The Daily Mail: Courts Under Fire For Reducing Penalities On Uninsured Drivers

Monday, 31 March, 2008

Courts were accused of going soft on uninsured drivers yesterday after figures showed that the average fine has fallen by more than a fifth since Labour came to power.

Those convicted of driving while uninsured were fined an average of £177 in 2005 compared with £224 in 1997.

The figures, produced by the Home Office, also show that the number of uninsured motorists brought before the courts has fallen since 1997 - despite more drivers being willing to flout the law.

The number of cases against uninsured drivers fell from 397,133 in 1997 to 392,763 in 2005, the latest year for which statistics are available.

David Ruffley , Tory spokesman on the police, who uncovered the data, blamed the fall in prosecutions on police being bound up by red tape and bureaucracy.

But he said the courts had no such excuse.

Mr Ruffley said: 'Driving uninsured is often a sign of more serious criminality.

'But, amazingly, the courts are passing derisory penalties. What are they thinking?'

Mr Ruffley demanded tougher penalties. 'Uninsured drivers are the scourge of the roads,' he said. 'The Association of British Insurerssays that they are ten times more likely to have convictions for drink-driving and are six times more likely to be behind the wheel of an unroadworthy vehicle.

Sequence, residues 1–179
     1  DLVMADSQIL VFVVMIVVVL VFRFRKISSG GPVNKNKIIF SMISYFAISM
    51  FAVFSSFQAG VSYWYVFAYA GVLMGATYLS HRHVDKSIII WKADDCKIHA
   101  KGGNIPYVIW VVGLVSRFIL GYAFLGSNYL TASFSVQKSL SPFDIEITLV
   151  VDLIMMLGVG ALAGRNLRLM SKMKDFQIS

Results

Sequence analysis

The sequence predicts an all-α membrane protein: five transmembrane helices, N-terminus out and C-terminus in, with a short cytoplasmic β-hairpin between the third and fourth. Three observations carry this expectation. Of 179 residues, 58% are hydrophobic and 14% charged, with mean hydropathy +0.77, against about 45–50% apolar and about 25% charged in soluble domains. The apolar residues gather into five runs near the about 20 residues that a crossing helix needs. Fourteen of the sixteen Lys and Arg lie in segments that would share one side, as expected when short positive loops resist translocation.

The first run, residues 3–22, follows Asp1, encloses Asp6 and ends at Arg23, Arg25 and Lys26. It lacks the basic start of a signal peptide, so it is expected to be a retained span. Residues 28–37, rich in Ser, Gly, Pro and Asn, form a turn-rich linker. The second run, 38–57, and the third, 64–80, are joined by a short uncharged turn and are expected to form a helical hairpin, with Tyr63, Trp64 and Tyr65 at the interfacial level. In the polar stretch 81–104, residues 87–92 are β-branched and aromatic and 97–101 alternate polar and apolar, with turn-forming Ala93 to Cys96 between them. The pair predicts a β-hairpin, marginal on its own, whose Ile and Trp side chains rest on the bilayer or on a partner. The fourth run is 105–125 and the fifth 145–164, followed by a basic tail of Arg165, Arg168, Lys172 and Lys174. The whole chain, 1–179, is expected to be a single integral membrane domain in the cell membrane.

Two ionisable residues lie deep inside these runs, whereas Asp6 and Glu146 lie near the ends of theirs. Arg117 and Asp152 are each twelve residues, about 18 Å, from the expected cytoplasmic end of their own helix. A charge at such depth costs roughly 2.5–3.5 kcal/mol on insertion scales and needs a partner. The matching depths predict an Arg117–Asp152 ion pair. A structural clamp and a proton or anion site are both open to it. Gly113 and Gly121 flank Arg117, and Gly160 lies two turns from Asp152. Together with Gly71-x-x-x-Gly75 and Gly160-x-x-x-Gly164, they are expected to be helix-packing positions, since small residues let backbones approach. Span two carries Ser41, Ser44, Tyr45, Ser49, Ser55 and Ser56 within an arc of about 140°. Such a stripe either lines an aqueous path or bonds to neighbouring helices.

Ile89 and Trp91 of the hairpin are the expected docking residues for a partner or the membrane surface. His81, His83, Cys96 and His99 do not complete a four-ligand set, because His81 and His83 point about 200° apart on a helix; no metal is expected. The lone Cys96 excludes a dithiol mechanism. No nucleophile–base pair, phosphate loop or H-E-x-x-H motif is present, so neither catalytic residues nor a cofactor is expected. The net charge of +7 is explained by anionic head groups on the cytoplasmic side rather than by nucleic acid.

'On top of that, the cost of uninsured drivers adds an extra £25 to £30 to the average annual car insurance premium.'

The average fine of £177 for uninsured driving is barely a fifth of the average cost of buying comprehensive insurance, which, according to the AA is £833.

The latest Government figures estimate there are more than two million vehicles on the road which are uninsured.

This means that almost one motorist in 15 is driving without cover. Uninsured drivers are also said by the insurance industry to cause 375,000 accidents a year.

Most are poor, among them young men and new immigrants desperate to get on the road, but unwilling to pay average costs of £400 for insurance.

The Department for Transport said last October that there was a rise of 100,000 uninsured drivers in just one year - with the total figure amounting to 6.5 per cent of all vehicles in the UK.

Earlier this year, the threat of jail was effectively lifted from drivers who kill while at the wheel without a licence or insurance.

New rules for judges said that those among the army of illegal drivers on the road who cause death should normally escape with a community punishment.

Even repeat offenders, who have a previous conviction for going unlicensed or without insurance, can avoid imprisonment under the instructions for the courts on how to deal with drivers at fault in fatal accidents.

The ruling was handed down by the Sentencing Guidelines Council, the body that sets punishment benchmarks for judges and magistrates.

The community punishment rule applies to new motoring laws that for the first time introduce a charge of causing death by driving unlicensed, disqualified or uninsured.

It carries a maximum penalty of two years in jail. Yet the courts were told that only those who kill when on the road while they are banned from driving will necessarily go to prison.